Jabin's Movies Page
MY FAVORITE MOVIES
This is a listing of my favorite movies, in no particular order. We'll start with the comedies, and the non-comedies are below.
There really is nothing like a great comedy - except a mutton, lettuce, and tomato sandwich, when the mutton is nice and lean...
A couple of friends of mine, for argument's sake let's call one "Derek" and the other one "Hansel," really didn't like this movie. But I said, what's the dealio-yo? Who you tryin' to get crazy with, ese? Don't you know I'm loco? Bottom line is that some people actually *could* find this stupid, but that's the whole point. Ben Stiller and Owen Wilson pair up for a tremendous run as male models Derek Zoolander and Hansel (he's so hot right now, Hansel). I laughed my chiseled abs off throughout this movie, then bought the DVD and laughed again. And again. Not the most mature movie fare you will ever come across, but so what? It's a laugh riot, and over-the-top campy/funny.
Austin Powers, International Man of Mystery
Yea baby! It's Shaggalicious. I'll be honest, I wasn't crazy about this Mike Myers vehicle when I saw it the first time. But I found myself thinking back and laughing at several funny scenes. I then rented it again ... and again, and now it's quickly on its way toward becoming a cult classic.
Dumb & Dumber
Check your maturity at the door for this one, folks. It's not exactly Bill Shakespeare, far from it. The Ferrelly Brothers (There's Something About Mary, Kingpin, Fever Pitch) gave Jim Carrey a script and then just let him go. Carrey, as Lloyd Christmas, and Jeff Daniels, as Harry Dunn, are hysterical together as they make their way to Aspen to return a briefcase to Mary Sampsonite, er, Swanson. This movie has too many hysterical moments to mention, but suffice it to say, "I like it ah lot."
Oh boy, is this great?! National Lampoon's classic is the all-time champ, in my humble opinion. The collection of funny scenes and great quotes from this movie is overwhelming. Often imitated, never duplicated. Better listen to me, I'm pre-med. At right, the Deltas celebrate with a new group of pledges (he can't do that to our pledges ... only *I* can do that to our pledges).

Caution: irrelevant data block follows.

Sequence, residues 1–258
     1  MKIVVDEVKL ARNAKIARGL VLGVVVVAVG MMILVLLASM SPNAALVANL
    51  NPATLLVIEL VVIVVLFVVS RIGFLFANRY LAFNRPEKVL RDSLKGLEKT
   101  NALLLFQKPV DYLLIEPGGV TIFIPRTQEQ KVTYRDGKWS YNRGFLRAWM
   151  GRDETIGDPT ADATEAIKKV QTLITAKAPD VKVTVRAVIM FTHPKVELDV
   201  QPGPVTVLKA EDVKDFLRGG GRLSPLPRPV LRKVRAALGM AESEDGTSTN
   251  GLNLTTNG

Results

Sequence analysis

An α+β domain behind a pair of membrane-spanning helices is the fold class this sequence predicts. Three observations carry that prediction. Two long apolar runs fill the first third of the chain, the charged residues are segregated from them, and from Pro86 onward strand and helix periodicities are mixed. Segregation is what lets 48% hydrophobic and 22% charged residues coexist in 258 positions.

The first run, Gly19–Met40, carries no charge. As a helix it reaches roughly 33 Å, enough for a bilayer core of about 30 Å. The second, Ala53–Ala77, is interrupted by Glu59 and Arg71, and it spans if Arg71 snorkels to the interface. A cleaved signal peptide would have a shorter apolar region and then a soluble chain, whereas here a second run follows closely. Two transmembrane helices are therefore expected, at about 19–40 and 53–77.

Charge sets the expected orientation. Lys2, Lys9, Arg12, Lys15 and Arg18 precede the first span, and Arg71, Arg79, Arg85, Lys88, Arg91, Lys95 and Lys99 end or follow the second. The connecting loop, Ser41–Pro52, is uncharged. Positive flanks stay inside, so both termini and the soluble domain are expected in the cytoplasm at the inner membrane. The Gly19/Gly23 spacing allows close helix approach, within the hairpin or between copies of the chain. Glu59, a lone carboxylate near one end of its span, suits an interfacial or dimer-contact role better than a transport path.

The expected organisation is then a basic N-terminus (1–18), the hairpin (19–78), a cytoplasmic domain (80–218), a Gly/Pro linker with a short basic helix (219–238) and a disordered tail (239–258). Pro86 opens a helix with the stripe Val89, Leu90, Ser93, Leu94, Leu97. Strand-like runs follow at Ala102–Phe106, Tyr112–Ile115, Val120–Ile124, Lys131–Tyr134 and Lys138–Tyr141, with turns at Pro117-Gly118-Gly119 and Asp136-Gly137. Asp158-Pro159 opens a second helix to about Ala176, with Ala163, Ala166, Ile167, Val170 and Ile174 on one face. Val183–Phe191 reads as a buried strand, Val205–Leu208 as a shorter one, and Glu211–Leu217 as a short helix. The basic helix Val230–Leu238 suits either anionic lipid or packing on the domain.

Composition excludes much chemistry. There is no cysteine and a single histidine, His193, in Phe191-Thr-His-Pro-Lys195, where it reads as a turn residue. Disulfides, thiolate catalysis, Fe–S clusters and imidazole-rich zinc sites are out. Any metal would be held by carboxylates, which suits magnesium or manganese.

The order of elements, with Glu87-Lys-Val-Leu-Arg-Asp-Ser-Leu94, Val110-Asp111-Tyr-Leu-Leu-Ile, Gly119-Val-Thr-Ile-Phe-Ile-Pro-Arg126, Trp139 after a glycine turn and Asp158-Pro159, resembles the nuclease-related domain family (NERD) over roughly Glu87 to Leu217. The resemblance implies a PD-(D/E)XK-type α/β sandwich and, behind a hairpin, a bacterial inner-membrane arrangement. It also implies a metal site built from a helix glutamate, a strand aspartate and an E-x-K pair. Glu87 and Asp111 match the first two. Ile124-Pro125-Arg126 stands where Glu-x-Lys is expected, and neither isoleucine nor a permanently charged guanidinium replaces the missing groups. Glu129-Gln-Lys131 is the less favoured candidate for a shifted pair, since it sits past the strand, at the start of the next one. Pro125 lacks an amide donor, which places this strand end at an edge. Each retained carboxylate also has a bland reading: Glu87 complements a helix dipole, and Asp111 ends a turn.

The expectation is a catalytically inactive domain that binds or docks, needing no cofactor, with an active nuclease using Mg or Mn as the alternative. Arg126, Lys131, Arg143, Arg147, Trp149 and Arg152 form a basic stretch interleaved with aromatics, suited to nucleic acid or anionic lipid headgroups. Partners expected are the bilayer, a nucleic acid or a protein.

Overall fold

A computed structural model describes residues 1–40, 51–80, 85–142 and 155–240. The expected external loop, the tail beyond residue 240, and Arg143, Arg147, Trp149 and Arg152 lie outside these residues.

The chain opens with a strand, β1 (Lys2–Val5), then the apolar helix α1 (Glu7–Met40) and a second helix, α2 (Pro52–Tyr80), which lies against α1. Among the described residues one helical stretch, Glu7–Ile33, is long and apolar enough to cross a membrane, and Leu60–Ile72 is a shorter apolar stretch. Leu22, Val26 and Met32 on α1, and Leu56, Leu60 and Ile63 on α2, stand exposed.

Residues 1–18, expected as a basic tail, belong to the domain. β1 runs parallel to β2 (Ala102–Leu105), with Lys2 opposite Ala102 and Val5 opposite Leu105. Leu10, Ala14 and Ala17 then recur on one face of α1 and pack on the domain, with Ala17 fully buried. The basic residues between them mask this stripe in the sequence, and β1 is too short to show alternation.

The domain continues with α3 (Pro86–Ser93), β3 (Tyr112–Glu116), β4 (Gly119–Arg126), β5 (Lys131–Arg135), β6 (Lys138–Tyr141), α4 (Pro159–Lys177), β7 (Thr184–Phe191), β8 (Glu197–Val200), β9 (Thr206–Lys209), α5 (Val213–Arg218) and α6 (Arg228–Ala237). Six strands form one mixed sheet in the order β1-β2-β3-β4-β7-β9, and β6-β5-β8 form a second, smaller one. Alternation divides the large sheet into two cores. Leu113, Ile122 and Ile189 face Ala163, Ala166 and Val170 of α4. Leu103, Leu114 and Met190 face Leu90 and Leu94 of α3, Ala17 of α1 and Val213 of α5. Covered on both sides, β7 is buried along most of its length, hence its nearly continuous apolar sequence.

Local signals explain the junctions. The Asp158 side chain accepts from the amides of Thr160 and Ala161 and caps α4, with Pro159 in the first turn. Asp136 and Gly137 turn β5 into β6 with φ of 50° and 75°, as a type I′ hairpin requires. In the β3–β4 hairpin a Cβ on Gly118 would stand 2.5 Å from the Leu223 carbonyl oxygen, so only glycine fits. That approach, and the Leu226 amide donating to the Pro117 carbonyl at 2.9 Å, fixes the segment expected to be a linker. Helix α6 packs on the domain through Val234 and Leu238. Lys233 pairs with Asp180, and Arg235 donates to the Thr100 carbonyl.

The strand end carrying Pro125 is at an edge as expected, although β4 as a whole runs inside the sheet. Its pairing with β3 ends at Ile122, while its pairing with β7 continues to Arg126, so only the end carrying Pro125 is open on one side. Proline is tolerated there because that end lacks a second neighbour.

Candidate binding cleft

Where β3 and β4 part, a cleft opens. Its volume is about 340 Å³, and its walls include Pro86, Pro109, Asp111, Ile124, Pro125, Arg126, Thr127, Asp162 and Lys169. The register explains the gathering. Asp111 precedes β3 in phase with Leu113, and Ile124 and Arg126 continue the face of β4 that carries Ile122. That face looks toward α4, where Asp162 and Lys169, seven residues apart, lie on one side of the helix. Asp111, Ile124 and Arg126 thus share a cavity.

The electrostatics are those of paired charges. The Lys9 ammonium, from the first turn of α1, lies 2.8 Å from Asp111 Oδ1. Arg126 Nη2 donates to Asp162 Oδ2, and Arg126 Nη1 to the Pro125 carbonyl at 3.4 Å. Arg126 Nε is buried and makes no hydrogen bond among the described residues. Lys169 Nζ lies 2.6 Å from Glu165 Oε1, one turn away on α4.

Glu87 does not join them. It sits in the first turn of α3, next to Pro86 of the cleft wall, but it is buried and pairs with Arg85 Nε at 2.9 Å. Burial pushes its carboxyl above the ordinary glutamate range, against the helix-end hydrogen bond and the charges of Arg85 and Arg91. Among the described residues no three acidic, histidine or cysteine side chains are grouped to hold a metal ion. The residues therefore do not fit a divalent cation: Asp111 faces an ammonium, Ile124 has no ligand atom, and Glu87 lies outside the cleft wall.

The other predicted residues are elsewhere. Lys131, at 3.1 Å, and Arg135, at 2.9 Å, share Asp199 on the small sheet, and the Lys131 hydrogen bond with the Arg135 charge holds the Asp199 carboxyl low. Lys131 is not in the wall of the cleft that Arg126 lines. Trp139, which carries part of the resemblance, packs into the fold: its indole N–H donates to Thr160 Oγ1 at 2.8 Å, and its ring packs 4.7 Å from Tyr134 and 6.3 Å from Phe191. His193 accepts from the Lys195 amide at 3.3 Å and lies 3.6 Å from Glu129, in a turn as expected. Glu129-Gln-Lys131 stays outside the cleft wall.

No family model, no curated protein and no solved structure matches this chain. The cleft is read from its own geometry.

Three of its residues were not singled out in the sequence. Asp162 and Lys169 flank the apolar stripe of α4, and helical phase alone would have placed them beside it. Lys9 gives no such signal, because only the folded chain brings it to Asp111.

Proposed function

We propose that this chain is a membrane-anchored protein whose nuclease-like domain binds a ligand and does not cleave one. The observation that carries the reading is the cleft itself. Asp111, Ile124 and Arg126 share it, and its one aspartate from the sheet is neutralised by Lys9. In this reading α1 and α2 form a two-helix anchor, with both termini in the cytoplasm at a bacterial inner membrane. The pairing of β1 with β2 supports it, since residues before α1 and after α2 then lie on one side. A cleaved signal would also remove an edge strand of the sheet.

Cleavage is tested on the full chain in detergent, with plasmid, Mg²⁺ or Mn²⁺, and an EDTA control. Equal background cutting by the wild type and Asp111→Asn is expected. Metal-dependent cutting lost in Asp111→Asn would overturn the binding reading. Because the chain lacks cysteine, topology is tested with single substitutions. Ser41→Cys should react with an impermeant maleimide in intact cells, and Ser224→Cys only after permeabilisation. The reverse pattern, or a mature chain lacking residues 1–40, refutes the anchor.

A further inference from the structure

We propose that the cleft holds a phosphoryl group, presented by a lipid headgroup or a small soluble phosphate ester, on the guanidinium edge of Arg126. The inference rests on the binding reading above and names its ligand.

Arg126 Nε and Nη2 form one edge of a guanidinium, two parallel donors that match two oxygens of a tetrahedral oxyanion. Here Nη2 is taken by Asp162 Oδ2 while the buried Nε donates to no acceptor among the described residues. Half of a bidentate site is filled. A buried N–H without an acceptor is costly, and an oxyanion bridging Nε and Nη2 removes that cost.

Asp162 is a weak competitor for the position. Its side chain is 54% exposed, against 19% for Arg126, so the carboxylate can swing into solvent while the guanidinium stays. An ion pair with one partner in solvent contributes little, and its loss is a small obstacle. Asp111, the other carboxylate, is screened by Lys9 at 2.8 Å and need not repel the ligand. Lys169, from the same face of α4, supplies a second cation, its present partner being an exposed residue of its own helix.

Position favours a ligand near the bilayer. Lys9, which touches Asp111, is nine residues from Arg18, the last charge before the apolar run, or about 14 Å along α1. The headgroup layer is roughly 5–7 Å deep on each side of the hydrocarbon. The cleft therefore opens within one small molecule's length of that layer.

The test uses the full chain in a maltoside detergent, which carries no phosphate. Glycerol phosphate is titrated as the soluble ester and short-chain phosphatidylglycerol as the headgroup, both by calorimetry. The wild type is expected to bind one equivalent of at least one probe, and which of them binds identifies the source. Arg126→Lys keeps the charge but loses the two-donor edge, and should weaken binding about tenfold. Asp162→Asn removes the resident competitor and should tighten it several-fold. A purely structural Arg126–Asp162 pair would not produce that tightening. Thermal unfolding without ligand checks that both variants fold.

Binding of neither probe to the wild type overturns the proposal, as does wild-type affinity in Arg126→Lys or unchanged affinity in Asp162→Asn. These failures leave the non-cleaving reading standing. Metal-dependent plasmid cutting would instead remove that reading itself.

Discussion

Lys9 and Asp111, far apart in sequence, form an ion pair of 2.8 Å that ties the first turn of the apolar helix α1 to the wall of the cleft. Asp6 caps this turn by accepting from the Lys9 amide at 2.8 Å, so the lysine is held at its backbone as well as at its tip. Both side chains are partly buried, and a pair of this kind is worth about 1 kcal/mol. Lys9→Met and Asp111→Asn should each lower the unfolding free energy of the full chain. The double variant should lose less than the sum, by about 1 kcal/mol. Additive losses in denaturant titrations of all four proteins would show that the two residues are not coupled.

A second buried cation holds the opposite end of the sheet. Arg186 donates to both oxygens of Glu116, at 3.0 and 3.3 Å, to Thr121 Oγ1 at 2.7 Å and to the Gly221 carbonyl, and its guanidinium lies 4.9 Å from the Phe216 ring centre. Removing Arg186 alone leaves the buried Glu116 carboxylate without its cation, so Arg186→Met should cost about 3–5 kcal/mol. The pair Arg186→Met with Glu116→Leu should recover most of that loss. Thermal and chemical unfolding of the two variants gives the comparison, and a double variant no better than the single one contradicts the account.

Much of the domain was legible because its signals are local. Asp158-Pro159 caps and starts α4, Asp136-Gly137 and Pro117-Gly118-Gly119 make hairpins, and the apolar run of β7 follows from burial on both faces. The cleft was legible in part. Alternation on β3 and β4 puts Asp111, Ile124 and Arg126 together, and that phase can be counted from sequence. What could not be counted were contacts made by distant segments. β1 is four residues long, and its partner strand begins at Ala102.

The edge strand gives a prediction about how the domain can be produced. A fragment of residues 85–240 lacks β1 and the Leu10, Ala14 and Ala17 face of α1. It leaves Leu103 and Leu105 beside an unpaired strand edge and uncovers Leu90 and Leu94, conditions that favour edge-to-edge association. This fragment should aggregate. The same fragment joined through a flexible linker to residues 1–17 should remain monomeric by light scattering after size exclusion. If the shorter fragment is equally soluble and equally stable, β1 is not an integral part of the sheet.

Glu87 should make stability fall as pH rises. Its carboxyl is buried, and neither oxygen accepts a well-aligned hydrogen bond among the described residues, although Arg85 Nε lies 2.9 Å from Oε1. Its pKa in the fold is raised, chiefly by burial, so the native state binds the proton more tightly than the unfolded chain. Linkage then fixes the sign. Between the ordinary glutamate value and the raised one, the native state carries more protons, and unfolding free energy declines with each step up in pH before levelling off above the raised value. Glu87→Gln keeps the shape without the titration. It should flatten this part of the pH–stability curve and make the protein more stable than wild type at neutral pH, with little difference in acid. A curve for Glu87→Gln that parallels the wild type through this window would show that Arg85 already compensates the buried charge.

A darn close second. This movie features timeless performances by the late Ted Knight ("How 'Bout a Fresca?"), Bill Murray, Chevy Chase ("I like you Betty") and of course, Rodney Dangerfield ("Hey Whitey, nice hat!"). This movie documents the hilarious goings-on at Bushwood Country Club (where gambling is illegal), and quickly became a cult classic. Just once I'd like to play a round of golf without making a "Caddyshack" reference. Not in this lifetime. This movie also wins the prize for worse sequel -- Caddyshack II was so bad it's not even worth making fun of (Dan Akroyd, what the heck were you thinking?).
Back to School
Speaking of Rodney Dangerfield, how can anyone leave this one out? It's Rodney being Rodney for a good hour-and-a-half, with some great supporting performances, including a classic one by Robert Downey Jr., and a cameo by Kurt Vonnegut (hey Kurt, do you read lips?). Wonderful role by the late Sam Kinnison as an excitable history professor (ok, not really Sam "acting," but damn it was funny), and some darn good quotes.
Chevy Chase delivers a powerful performance in this, the second-funniest National Lampoon movie of all time. Clark W. Griswald and family trek across the country in the family truckster, and the laughs ensue. The sequel (European Vacation) really sucked, but they rebounded quite nicely with Christmas Vacation (although the kids kept changing). Still, the original was by far the best.